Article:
Following on from our July 2013 issue, the Singapore Exchange (SGX) has recently announced that it will be introducing circuit breakers in the securities market from 24 February 2014 as an additional market safeguard.
Circuit breakers will initially apply to Straits Times Index and MSCI Singapore Index component stocks and all securities priced S$0.50 and above. This will also include stapled securities, funds, exchange-traded funds, exchange-traded notes and extended settlement contracts - securities which, according to the SGX, account for about 80% of trading on the Singapore stock market.
Circuit breakers will be triggered when a potential trade is matched at a price that is over 10% away from the reference price, with the reference price being the last traded price from at least five minutes earlier. Once a circuit breaker is triggered, a five-minute cooling-off period follows where trading can only take place within a price band 10% above or below the reference price. Thereafter, trading resumes with a new reference price as established during the cooling-off period.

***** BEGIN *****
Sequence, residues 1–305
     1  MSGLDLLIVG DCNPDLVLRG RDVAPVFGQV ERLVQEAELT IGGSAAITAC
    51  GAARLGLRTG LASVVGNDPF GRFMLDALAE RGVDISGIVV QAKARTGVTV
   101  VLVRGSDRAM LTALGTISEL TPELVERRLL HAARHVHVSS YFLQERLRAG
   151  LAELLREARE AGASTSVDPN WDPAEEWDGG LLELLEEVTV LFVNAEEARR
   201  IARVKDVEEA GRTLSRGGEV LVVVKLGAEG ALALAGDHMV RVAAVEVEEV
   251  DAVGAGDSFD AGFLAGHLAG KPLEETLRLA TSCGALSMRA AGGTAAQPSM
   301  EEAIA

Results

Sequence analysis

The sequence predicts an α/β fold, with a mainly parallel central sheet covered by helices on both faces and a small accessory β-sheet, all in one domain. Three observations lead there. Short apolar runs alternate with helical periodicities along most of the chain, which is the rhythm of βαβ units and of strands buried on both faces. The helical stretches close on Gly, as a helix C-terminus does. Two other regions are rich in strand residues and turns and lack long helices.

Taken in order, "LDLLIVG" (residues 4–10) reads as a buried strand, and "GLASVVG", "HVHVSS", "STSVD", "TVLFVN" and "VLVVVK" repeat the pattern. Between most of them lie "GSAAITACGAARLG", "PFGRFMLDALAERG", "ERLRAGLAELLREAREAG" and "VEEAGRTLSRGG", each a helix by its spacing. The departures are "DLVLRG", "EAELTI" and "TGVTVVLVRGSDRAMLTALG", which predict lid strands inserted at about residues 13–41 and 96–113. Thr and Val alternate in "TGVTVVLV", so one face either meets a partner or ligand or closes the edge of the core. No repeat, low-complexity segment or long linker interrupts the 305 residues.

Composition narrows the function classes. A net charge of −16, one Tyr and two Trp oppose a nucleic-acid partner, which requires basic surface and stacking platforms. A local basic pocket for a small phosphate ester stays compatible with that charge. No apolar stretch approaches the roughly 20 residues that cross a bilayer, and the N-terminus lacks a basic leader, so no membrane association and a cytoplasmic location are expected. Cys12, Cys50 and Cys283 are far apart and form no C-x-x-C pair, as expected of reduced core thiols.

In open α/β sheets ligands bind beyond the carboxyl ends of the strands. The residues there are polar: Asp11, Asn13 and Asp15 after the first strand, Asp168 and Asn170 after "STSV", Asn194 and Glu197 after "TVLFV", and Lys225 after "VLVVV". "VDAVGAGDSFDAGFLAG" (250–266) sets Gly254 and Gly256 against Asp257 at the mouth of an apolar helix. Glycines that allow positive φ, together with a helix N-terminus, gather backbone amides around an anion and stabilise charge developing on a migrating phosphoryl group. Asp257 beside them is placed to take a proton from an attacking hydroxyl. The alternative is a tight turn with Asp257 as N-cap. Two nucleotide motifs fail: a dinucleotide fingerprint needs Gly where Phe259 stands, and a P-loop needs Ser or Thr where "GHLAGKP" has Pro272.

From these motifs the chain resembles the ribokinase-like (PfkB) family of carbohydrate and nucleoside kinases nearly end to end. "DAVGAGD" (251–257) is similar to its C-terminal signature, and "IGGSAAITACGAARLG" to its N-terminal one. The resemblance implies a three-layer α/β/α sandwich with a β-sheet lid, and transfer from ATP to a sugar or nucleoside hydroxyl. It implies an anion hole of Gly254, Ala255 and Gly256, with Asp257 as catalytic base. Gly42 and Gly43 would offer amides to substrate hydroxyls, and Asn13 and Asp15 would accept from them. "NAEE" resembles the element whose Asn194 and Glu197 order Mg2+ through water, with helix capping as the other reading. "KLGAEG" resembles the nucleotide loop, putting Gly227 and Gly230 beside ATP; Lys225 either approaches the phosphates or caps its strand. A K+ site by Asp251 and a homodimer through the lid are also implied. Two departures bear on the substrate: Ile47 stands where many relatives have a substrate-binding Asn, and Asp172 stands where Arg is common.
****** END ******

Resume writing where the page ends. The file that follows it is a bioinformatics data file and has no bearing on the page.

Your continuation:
With respect to low-priced, non-index instruments (e.g. securities priced below S$0.50), the SGX had indicated in its earlier June 2013 consultation paper that it would not be appropriate to subject these instruments to circuit breakers as there was considerable difficulty in setting the appropriate limits since they were generally more illiquid and volatile, and applying the same thresholds across these instruments may lead to frequent trips of circuit breakers, and thereby be overly disruptive to trading. SGX has accordingly taken the view that the impact of low-priced, non-index instruments on the value of the overall market was not significant and posed low contagion risk to the wider market.
In addition, the SGX will also revise its error trade policy with effect from 24 February 2014. For all securities other than bonds, trades will not be cancelled if the transacted price falls within a price range of 20 minimum bid sizes, or 5%, from the last traded price. For structured warrants, the price range will be 20 minimum bid sizes, or 25%, from the last valid price. Trades done outside of the relevant price range are eligible for review by the SGX. For bonds, any error trade will be eligible for review.
The SGX has commented that the introduction of circuit breakers and the new error trade policy will assure investors of continued safety and transparency even under volatile market conditions, with the implementation of these two initiatives complementing its existing safeguards in support of a fair, orderly and transparent market.